Solar physicist honoured by Royal Astronomical Society
Dr Andy Smith, a solar physicist at Northumbria University, has been honored by the Royal Astronomical Society for his work in using artificial intelligence to predict space weather. His models are used by the Met Office for space weather forecasts. Smith was awarded the Winton Award for his use of AI techniques to monitor and predict solar eruptions and their impact on Earth.
Safeguarding the health of astronauts at Northumbria University
Space health experts at Northumbria University have won a global competition that will enable them to explore blood flow restriction training among astronauts during spaceflight.
Northumbria University announces £50m space skills, research and development centre set to transform the UK space industry
Investments from Lockheed Martin, the UK Space Agency and Northumbria University forge pathway for NESST’s global prominence.
EXPERT COMMENT: What happens when someone dies in space? Space tourism brings new legal and moral issues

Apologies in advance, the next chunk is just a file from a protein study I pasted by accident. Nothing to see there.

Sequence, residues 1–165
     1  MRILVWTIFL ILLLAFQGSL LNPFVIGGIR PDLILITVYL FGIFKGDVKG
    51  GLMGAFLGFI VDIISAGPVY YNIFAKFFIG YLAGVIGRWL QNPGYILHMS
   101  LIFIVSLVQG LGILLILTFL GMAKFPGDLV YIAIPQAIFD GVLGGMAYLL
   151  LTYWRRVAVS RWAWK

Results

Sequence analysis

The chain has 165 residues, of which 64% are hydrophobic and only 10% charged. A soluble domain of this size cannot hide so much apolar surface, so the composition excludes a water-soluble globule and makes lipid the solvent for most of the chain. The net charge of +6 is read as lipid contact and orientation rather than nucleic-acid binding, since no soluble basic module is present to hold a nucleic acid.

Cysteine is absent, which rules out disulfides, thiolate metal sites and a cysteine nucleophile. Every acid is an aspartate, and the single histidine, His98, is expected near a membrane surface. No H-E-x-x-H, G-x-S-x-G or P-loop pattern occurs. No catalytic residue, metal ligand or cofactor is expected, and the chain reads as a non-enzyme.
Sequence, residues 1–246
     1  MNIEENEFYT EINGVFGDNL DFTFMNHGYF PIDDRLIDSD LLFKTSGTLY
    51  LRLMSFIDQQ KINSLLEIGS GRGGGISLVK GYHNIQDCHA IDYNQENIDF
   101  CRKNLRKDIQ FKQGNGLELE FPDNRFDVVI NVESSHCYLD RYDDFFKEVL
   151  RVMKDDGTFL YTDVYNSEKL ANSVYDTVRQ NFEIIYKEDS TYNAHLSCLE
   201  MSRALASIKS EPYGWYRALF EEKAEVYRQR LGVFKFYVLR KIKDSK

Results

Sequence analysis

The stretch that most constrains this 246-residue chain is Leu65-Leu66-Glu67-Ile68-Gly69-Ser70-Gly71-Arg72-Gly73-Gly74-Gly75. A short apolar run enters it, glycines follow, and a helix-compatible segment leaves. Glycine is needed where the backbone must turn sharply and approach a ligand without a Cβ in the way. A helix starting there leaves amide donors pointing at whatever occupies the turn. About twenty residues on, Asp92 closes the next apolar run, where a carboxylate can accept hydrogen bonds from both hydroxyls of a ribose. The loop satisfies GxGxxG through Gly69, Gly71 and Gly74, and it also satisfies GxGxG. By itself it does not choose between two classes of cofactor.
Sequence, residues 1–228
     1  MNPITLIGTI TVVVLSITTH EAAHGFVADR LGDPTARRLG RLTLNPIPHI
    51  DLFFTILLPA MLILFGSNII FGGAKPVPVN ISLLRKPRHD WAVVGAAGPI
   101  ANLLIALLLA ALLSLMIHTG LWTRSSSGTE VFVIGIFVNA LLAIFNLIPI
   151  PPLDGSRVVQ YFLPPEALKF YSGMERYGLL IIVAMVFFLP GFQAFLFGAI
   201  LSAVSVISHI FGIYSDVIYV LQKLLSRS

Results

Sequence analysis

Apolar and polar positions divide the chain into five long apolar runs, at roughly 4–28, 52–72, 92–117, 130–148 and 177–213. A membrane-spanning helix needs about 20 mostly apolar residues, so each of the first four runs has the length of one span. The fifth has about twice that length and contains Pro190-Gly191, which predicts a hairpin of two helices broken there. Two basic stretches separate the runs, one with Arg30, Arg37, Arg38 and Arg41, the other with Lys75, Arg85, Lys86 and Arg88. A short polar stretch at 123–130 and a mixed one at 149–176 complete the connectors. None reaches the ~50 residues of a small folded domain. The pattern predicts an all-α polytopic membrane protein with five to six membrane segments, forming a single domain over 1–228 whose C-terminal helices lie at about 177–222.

In an article for The Conversation, Christopher Newman, Professor of Space Law and Policy, and Nick Caplan, Professor of Aerospace Medicine and Rehabilitation at Northumbria University, discuss the legal, cultural and environmental issues we will have to consider as space tourism come closer to reality.
Northumbria University leads 60-day bed rest study to improve astronauts’ health
Researchers at Northumbria University are asking people to spend two months in bed to identify how astronauts’ bodies decondition while they’re exploring outer space.
Northumbria space researcher soars into the stratosphere with industry award
A Northumbria student is celebrating stratospheric success after receiving industry recognition for his work in helping combat astronauts’ back pain when they return home from space.
Weather reports on the Sun could lead to safer space travel, thanks to Northumbria research
Astronauts could one day tune in to the morning’s space weather report to see whether they should take that trip to Mars, thanks to research led by Northumbria University, Newcastle.
COMMENT: Boldly going into space for 1,000 days presents a series of health risks
Dr Nick Caplan, from the Deparment of Sport, Exercise and Rehabilitation discusses the impact of space travel on the body.